Embracing the Mission: Untethering Self-sovereign Bitcoin Finance

Our broader mission is to untether the power of self-sovereign Bitcoin finance. We believe in an economy liberated from central authority, where individuals can manage their financial lives independently and securely. By continuously pushing the boundaries of what is possible within the Bitcoin ecosystem, 10101 aims to lead the way in creating a truly decentralized financial system.

Conclusion: Join Us on the Journey to Transform Bitcoin Trading

Road into the future

As we continue to build and expand 10101, our focus remains steadfast on empowering traders with the tools they need for secure, private, and efficient Bitcoin trading. From the reintroduction of features like the Lightning Network and USDp to our long-term vision of a fully integrated Bitcoin app.

Get Involved

  • Try Our Platform: Experience the future of Bitcoin trading today by downloading the 10101 app. Available for Android and iOS, you can start exploring all our features in the current beta version. Visit our website10 for direct links to download the app.
  • Follow Us on Social Media: Join our community on Twitter11 or Telegram12 to stay engaged with our developments and participate in discussions with like-minded individuals.
  • Provide Feedback: As a beta user, your feedback is invaluable to us. Help us refine and perfect our app by providing your insights and suggestions. Contact us through Telegram or on Twitter.
  • Spread the Word: If you believe in what we’re building, share our story and app with your network. Every mention helps us grow our community and improve our offerings.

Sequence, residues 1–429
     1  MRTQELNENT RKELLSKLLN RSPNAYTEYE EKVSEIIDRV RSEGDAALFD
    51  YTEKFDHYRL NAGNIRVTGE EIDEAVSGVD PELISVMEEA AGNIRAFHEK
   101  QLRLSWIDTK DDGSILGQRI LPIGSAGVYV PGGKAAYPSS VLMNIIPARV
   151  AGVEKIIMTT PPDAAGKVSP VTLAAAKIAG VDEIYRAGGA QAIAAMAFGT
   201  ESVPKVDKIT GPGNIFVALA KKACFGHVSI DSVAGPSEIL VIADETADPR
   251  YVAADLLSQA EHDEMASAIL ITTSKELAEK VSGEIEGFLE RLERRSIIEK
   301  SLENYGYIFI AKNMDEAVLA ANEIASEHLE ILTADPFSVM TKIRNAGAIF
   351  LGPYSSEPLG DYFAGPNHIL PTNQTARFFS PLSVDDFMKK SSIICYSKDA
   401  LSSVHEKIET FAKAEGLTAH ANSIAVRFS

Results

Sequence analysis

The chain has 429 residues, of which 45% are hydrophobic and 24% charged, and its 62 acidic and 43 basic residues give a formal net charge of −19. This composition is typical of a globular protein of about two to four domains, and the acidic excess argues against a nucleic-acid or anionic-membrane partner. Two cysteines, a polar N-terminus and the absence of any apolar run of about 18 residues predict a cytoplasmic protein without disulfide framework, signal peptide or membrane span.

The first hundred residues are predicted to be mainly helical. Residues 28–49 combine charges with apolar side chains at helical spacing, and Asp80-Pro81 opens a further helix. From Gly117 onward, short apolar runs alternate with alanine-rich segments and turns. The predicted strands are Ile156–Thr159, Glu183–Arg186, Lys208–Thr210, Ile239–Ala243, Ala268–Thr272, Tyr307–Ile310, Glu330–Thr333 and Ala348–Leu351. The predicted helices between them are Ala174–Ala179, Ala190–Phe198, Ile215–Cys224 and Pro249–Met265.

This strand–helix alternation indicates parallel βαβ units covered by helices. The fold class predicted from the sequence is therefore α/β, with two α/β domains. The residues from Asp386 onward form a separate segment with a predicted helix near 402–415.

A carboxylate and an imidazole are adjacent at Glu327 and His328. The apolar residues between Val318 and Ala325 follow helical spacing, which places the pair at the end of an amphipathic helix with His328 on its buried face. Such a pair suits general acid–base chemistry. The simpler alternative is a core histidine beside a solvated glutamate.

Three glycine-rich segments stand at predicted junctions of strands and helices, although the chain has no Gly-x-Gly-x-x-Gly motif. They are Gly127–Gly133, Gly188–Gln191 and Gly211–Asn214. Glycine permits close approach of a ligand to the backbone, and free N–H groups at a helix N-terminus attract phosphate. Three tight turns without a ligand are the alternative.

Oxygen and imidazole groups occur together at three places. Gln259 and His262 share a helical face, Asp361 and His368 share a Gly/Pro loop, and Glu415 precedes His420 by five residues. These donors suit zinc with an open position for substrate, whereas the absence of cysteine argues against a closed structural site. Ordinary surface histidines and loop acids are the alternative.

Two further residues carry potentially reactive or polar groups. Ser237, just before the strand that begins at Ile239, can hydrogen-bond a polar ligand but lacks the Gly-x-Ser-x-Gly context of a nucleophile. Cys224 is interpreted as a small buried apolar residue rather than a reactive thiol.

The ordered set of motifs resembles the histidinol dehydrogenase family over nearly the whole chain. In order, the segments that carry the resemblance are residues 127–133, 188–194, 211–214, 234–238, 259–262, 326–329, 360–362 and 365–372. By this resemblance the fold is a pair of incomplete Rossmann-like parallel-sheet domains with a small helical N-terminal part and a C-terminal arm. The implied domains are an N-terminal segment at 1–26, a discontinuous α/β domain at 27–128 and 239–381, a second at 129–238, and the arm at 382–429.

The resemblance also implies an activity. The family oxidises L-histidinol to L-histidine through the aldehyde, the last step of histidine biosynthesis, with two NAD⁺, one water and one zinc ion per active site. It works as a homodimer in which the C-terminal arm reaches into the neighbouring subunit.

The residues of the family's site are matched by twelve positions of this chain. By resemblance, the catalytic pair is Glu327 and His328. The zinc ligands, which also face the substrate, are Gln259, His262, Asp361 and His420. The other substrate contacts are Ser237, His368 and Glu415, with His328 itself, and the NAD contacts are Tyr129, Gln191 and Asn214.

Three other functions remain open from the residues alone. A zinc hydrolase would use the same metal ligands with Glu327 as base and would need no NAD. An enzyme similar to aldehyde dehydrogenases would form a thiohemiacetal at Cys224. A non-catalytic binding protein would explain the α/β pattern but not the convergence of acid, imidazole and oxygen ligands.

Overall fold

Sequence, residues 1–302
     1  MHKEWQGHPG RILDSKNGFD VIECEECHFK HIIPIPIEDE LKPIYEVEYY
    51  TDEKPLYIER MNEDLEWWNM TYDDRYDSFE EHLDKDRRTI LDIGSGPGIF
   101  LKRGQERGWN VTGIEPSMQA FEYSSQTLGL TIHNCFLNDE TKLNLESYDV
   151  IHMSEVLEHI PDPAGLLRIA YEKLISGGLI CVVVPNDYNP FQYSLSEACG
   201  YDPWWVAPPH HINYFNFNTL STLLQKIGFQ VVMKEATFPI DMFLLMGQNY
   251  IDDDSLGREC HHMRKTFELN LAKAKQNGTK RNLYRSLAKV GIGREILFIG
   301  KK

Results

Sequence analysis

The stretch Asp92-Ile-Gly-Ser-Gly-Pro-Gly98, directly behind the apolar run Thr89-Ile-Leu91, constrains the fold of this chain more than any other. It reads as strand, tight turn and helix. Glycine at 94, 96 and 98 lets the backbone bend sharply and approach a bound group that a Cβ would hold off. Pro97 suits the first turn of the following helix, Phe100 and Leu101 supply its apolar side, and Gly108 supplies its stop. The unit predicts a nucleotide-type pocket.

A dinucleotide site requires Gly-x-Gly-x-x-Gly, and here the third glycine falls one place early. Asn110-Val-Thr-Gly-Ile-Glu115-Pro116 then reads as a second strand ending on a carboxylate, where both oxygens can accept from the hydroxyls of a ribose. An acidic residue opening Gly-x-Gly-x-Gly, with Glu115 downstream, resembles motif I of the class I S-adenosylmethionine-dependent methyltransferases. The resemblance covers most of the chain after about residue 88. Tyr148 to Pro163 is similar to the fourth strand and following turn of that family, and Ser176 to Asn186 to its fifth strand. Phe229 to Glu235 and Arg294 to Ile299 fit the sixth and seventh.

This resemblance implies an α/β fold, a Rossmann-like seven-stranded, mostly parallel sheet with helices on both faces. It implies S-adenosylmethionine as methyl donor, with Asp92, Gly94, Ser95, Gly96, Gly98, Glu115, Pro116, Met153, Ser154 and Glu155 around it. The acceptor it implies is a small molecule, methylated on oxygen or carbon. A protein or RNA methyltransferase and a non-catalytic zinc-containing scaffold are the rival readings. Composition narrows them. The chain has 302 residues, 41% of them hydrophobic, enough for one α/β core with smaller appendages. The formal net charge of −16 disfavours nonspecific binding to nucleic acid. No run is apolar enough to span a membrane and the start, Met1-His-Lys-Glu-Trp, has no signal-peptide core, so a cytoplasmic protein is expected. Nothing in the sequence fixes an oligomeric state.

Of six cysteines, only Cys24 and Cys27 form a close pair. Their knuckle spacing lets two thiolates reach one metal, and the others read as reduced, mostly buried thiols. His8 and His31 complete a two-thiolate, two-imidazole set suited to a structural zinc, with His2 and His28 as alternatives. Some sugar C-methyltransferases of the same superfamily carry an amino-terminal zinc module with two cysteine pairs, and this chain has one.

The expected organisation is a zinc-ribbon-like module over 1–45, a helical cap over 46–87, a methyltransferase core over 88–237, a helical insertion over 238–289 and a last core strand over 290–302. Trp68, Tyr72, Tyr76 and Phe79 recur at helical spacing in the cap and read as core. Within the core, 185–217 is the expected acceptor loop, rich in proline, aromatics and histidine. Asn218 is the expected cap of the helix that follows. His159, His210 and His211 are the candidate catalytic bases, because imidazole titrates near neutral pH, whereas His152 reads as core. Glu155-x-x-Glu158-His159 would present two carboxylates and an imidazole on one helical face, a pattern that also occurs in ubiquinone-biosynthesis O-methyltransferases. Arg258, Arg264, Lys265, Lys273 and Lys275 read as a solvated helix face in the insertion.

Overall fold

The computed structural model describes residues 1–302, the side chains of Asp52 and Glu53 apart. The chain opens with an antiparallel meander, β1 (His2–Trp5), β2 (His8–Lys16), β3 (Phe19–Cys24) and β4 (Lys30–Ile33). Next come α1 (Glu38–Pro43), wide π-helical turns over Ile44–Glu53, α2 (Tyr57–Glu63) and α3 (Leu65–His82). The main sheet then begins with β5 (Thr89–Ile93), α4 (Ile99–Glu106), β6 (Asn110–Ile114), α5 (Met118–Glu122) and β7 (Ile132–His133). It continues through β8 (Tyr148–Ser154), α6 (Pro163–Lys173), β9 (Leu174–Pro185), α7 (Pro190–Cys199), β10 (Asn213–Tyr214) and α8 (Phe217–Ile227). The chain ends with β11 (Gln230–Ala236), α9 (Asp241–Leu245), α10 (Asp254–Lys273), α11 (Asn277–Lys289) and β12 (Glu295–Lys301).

Thank You for Your Support

We are grateful to everyone who has joined us so far on this exciting journey. Your support and participation are what fuel our continuous innovation and dedication. Together, we are paving the way for a decentralized financial future that aligns with the true ethos of Bitcoin—empowering and liberating.

Cheers, Philipp and the whole 10101 team

Footnotes

  1. Recommended read: The Sovereign Individual: Mastering the Transition to the Information Age, by James Dale Davidson and Lord William Rees-Mogg

  2. https://dci.mit.edu/smart-contracts

  3. https://github.com/p2pderivatives/rust-dlc

  4. https://github.com/get10101/10101

  5. https://bitcoinmagazine.com/technical/worlds-first-erc-20-and-bitcoin-atomic-swap-has-taken-place

  6. https://github.com/comit-network/comit-rs

  7. https://github.com/comit-network/xmr-btc-swap

  8. https://www.itchysats.network/

  9. https://10101.finance/blog/see-you-later-mr-lightning

  10. https://10101.finance

  11. https://twitter.com/get10101

  12. https://t.me/get10101

· 7 min read

If you are reading this post, you may have already heard that we have closed all Lightning channels with our users, replacing them with DLC channels. That may sound like a step backwards, so we want to explain our reasoning behind this decision and tell you why we think it is actually a good thing.

Why we started with Lightning

10101 was conceived as a mobile Lightning wallet with trading capabilities. We think most bitcoiners have heard about Lightning, and they have probably even used a Lightning wallet before. It made sense to us to package our offering together with something that our target user was already comfortable with.

And we saw some synergies between Lightning and DLCs, the technology that we have been using for years to help bitcoiners trade. We wanted our users to be onboarded instantly: generate a Lightning invoice; pay it with their own Lightning wallet; receive the funds instantly in their 10101 app; and start trading straight away. The user would then be able to move funds seamlessly between their trading and Lightning wallets. We even had ambitious plans to let users pay Lightning invoices with a synthetic US dollar stable coin, backed by a DLC.